Carlyle at His Zenith (1848-53)

By David Alec Wilson | Go to book overview

XLII
EXHORTING DUFFY, &c. (1849)

ON arriving home, Carlyle found waiting a letter from Duffy and answered it at once at great length, incidentally mentioning he had already on the same day 'written two letters, all on Ireland.' He had received the first numbers of the revived newspaper the Nation, and wrote (29.9.49):1 --

'I like the new Nation very well, especially No. 3 of it. I seem to see there a beam of real star-fire and manful insight and endeavour, shooting forth from amid the old too-smoky and fuliginous elements; and destined yet, by Heaven's blessing, to subdue them all to itself, and beam clearer and clearer. . . . Better or worse, yours is the only voice I hear in Ireland entitled to any considerable regard from me--the one human voice there amid the infinite barking and howling. May you truly love wisdom, and regard all other things, popularities, nationalities, &c., &c., as mere noise and nonsense in comparison. Him that is loyal to wisdom, wisdom will reward and him only; he shall "acquire strength by going," for all the universe is on his side, and his light, in the darkest of nights, even in Ireland's night of 1849, "shall shine more and more unto the perfect day." Your temptations, and open and disguised impediments, I discern too well, will be many; but the task is great, and, if you front them well, the prize, too, is great. Courage, patience, the eye to see and the heart to endure and do, may these be yours, and all that follows from them!'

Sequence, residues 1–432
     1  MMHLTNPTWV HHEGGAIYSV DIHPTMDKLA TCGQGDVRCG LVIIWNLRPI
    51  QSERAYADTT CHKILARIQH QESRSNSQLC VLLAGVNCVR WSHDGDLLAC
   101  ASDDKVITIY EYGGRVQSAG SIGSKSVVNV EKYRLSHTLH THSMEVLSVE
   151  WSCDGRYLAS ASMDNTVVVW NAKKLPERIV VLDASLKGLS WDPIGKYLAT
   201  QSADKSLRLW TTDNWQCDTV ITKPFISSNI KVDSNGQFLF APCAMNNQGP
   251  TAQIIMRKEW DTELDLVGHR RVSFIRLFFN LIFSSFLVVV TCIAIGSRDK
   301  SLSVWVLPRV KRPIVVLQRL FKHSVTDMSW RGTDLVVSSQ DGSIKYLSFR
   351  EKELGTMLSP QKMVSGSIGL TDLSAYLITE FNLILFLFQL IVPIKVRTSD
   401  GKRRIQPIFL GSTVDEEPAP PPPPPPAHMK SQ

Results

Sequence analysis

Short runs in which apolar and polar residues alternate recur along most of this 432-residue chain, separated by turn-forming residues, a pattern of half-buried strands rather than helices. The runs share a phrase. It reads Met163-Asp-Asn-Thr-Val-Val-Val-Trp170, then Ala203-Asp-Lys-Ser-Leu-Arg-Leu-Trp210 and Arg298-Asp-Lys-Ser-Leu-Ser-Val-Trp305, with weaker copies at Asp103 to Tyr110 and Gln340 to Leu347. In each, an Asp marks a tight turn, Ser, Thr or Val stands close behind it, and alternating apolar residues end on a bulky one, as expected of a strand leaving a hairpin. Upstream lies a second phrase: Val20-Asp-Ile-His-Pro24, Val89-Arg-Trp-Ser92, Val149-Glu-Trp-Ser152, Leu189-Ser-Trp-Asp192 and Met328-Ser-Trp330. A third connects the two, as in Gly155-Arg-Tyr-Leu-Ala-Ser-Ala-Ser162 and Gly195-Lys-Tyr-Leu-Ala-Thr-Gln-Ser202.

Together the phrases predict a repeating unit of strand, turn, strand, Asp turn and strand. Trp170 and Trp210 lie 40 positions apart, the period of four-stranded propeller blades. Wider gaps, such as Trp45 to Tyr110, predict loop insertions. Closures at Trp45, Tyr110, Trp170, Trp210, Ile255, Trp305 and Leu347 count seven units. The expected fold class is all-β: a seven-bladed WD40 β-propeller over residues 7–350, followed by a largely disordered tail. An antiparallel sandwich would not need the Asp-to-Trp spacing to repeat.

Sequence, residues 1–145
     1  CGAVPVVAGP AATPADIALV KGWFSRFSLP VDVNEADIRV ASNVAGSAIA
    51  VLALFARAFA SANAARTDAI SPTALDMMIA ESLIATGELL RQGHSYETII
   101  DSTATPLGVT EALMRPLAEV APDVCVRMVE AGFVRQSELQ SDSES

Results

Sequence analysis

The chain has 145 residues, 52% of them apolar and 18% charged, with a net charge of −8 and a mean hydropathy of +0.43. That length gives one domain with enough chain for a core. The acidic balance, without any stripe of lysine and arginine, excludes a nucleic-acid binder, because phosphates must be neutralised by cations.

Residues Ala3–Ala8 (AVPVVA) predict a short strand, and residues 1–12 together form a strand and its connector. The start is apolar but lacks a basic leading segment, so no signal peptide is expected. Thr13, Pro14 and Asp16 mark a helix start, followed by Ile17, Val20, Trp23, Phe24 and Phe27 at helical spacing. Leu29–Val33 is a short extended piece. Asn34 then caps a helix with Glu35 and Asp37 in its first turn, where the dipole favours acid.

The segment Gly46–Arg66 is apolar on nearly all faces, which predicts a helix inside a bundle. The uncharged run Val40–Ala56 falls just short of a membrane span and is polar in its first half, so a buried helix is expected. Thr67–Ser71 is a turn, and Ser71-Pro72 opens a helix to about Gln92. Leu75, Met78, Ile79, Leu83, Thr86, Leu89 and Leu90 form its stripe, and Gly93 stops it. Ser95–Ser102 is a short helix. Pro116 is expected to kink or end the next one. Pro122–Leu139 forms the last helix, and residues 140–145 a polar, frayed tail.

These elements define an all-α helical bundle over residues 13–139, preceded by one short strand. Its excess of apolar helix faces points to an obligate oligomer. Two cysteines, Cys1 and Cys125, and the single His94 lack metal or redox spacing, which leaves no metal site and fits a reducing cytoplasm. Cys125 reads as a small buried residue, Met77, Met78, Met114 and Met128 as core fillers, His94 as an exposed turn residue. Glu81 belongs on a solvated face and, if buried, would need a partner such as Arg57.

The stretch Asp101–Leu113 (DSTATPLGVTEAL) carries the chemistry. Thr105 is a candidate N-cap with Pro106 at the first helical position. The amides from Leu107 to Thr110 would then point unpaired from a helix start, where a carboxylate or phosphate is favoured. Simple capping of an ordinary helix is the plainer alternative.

Then he discussed the potato rot of this year, and told of 'a farmer in the Perth region, who had gained £2000 by his potatoes alone last year,' which Carlyle lamented as demoralising, 'making agriculture a kind of gambling.' He went on to curse the land-laws.--

'You are surely right in what you argue about the state

____________________
1
Conversations with Carlyle, by Sir C. Gavan Duffy, pp. 127-32.

-203-

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